Music and comedy reign ‘Supreme’ for Tenacious D

The Kyle Grass Band performed in costumes at the Franken Stage setting the mood for Tenacious D at Festival Supreme on Oct. 25. at the Shrine Expo Hall and Grounds. Photo Credit: Rasta Ghafouri/The Sundial
The Kyle Grass Band performed in costumes at the Franken Stage setting the mood for Tenacious D at Festival Supreme on Oct. 25. at the Shrine Expo Hall and Grounds. Photo Credit: Rasta Ghafouri/The Sundial
The Kyle Grass Band performed in costumes at the Franken Stage setting the mood for Tenacious D at Festival Supreme on Oct. 25. at the Shrine Expo Hall and Grounds. Photo Credit: Rasta Ghafouri/The Sundial

Back for its second year, Tenacious D’s Festival Supreme brought together some big names from comedy and music Saturday for an all-day event. The festival took over the Shrine Auditorium & Expo Hall as well as the grounds in front of the venue. While it’s been dubbed the “Coachella of comedy,” music acts also featured prominently. Two stages were set up outside where acts such as the Eagles of Death Metal, the Aquabats and the Tulsa Skull Swingers performed 30-minute sets for throngs of fans.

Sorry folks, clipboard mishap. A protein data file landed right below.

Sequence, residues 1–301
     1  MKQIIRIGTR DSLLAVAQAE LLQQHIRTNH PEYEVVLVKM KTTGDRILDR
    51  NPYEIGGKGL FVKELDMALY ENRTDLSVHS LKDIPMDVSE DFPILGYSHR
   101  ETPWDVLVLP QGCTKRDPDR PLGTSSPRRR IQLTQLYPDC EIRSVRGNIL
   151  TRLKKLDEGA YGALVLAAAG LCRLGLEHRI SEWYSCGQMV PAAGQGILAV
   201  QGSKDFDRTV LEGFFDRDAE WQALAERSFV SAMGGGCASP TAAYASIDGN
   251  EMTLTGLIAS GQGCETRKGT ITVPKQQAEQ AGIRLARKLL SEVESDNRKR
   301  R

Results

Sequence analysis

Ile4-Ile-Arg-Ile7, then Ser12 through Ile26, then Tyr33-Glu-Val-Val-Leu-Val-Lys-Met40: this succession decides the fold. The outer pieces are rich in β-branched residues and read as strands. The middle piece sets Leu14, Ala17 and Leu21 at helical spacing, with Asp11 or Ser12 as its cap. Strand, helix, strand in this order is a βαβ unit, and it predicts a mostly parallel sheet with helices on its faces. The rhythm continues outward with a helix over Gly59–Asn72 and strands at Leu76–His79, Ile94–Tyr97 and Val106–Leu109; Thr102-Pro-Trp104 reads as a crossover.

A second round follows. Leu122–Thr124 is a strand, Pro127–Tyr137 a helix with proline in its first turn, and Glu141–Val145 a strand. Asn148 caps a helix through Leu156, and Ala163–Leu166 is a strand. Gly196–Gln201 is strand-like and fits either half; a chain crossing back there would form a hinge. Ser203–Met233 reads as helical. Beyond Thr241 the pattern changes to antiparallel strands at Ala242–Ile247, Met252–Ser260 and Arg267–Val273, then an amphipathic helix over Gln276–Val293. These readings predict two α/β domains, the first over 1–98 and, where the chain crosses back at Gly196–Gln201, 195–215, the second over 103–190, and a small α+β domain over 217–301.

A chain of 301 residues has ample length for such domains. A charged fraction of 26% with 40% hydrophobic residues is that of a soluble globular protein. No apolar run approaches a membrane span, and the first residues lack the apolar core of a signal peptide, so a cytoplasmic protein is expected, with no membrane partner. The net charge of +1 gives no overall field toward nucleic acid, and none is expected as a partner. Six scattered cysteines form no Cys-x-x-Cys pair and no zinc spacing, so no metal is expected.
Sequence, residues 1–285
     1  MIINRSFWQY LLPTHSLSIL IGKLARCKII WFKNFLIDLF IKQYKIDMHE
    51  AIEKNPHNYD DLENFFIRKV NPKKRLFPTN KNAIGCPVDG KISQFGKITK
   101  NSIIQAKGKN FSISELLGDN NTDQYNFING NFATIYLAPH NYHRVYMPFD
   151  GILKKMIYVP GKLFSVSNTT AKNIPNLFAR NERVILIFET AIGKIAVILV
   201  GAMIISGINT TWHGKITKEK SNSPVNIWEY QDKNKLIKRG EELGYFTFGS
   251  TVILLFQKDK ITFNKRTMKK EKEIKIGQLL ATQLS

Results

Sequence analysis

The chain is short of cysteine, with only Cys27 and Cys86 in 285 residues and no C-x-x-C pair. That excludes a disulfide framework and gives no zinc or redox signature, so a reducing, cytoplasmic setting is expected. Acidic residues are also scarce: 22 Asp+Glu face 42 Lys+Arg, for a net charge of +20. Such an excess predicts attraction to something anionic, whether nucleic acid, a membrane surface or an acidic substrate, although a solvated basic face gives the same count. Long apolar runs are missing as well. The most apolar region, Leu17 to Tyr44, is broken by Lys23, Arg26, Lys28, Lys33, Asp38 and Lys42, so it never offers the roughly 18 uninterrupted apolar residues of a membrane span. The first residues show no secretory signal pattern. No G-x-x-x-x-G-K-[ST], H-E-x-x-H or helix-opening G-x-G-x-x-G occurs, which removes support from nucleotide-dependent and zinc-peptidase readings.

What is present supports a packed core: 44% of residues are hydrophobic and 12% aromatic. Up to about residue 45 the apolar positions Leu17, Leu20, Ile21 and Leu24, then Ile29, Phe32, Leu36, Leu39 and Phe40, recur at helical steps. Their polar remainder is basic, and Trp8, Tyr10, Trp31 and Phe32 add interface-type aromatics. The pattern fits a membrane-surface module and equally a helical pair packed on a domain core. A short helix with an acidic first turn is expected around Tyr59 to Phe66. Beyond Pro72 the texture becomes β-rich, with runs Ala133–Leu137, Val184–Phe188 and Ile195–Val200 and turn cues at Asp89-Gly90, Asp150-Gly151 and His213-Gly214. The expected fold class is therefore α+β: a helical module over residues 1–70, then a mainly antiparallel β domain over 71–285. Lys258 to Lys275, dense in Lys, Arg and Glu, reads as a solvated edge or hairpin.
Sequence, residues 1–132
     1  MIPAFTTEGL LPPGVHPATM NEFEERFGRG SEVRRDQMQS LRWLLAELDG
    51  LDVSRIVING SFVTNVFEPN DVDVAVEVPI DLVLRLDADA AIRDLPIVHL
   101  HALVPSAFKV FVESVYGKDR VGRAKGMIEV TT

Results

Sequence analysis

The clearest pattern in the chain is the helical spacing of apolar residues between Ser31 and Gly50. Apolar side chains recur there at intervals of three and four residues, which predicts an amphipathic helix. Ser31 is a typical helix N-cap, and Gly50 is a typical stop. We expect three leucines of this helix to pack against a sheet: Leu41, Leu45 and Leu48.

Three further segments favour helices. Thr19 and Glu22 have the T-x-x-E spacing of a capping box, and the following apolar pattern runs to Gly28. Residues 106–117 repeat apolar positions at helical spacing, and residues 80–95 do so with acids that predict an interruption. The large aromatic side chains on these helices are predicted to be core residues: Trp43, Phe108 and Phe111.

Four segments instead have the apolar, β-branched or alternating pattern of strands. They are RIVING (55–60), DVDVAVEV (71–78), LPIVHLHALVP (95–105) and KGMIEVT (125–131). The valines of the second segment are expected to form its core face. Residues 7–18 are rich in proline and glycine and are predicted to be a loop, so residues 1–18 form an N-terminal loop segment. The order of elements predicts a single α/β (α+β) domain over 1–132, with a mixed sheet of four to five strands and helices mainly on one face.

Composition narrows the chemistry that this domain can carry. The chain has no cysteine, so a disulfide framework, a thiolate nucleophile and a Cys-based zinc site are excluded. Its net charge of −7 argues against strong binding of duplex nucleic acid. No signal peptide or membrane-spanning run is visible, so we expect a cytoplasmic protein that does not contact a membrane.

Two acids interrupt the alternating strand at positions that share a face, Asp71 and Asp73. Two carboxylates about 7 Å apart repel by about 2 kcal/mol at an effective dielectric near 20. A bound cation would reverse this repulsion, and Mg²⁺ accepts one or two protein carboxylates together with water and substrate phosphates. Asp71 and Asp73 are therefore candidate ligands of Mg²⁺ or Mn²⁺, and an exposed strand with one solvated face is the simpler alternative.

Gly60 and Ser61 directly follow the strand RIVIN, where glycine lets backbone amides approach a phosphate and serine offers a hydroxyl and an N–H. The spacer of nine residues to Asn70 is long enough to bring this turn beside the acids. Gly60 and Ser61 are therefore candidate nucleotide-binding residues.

Inside the auditorium, comedy was king as stand-up comedians such as Norm MacDonald, Margaret Cho and Eric Andre took the stage. There was no assigned seating, but most people waited until after a comedian’s set to leave or enter the auditorium.